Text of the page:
Take the 2-minute tour ×
Stack Overflow is a question and answer site for professional and enthusiast programmers. It's 100% free, no registration required.

So this is what I noticed in Java:

If I make a class:

class IntStorage
{
    public int i;

    public void setInt(int i) { this.i = i; }
    public int getInt() { return i; }
}

And inherit it, and store other data:

class IntAndStringStorage : IntStorage
{
    public String s;

    public void setString(String s) { this.s = s; }
    public String getString() { return s; }
}

And I do this:

IntAndStringStorage IandSstorage = new IntAndStringStorage();
IandSstorage.setString("Test");
IntStorage Istorage = (IntStorage)IandSstorage;
IntAndStorageStorage test = (IntAndStorageStorage)Istorage;
System.out.println(test.getString());

It's completely valid even though I casted it to a inherited class. Now I assume the info is still inside the object, so could I completely cast it to the inherited class without keeping the old info? I don't want the String storage left over in my int storage class. Hopefully I made my question clear enough! Thanks in advanced!

share|improve this question
5  
class IntAndStringStorage : IntStorage Is that Java 8 notation? It does not compile here. –  Andrew Thompson May 4 '13 at 4:58
1  
hmmm just looking for a little clarification do mean when you cast is the object you store the same object? Also the inheritance syntax looks suspiciously like C#. –  Nomad101 May 4 '13 at 4:58
    
@Nomad101 I mean that the object is still the same object. It's just "masked" as the other type of object. –  user2348979 May 4 '13 at 4:59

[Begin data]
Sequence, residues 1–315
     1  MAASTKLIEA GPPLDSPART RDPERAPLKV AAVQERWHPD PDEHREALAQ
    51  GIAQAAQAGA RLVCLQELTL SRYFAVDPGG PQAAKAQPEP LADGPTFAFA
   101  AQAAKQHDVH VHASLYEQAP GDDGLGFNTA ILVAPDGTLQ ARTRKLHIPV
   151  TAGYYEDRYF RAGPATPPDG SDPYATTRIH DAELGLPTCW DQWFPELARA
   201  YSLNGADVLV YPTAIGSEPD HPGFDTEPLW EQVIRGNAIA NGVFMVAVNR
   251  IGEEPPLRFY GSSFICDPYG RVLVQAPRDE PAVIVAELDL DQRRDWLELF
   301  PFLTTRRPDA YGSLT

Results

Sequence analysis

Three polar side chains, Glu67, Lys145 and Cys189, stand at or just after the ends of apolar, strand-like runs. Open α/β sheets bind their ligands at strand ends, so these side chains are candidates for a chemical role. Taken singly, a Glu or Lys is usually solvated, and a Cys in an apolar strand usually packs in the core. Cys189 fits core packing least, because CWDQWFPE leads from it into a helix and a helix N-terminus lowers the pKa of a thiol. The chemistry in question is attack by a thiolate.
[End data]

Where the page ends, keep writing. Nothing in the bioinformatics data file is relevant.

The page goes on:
That's some actionscript for me ? –  NINCOMPOOP May 4 '13 at 5:01
1  
IntAndStringStorage isn't-a IntStorage. Think twice before inheriting. –  yzn-pku May 4 '13 at 5:06

2 Answers 2

up vote 13 down vote accepted

Casts do not change an object in Java (unlike C#, casts in Java cannot be overloaded). Casts thus only change the [compile-time] type the object appears as - it is always entirely valid to cast the object back to the original type.

To "cut down" an object would require

  1. to create a new object (perhaps of a base type) with less information or;
  2. have a mutable object that throws out (i.e. assigns null/default values) to various "cut out" fields.

Also, interfaces are generally a nicer way of exposing certain "views" than relying on base types.

share|improve this answer
3  
+1 a very good comprehensive answer. I look forward to more of your answers (and your name ;) –  Peter Lawrey May 4 '13 at 5:12

The best way to do it in Java is to create a new IntStorage based on IntAndDataStorage instance int value.

IntStorage intStorage = new IntStorage(intAndSstorage.getInt());

assuming you added IntStorage(int) constructor to IntStorage. There will be no String leftovers.

share|improve this answer
1  
or adding a copy constructor ;) –  zeroflagL May 4 '13 at 7:21

Your Answer

 
discard

By posting your answer, you agree to the privacy policy and terms of service.

Not the answer you're looking for? Browse other questions tagged or ask your own question.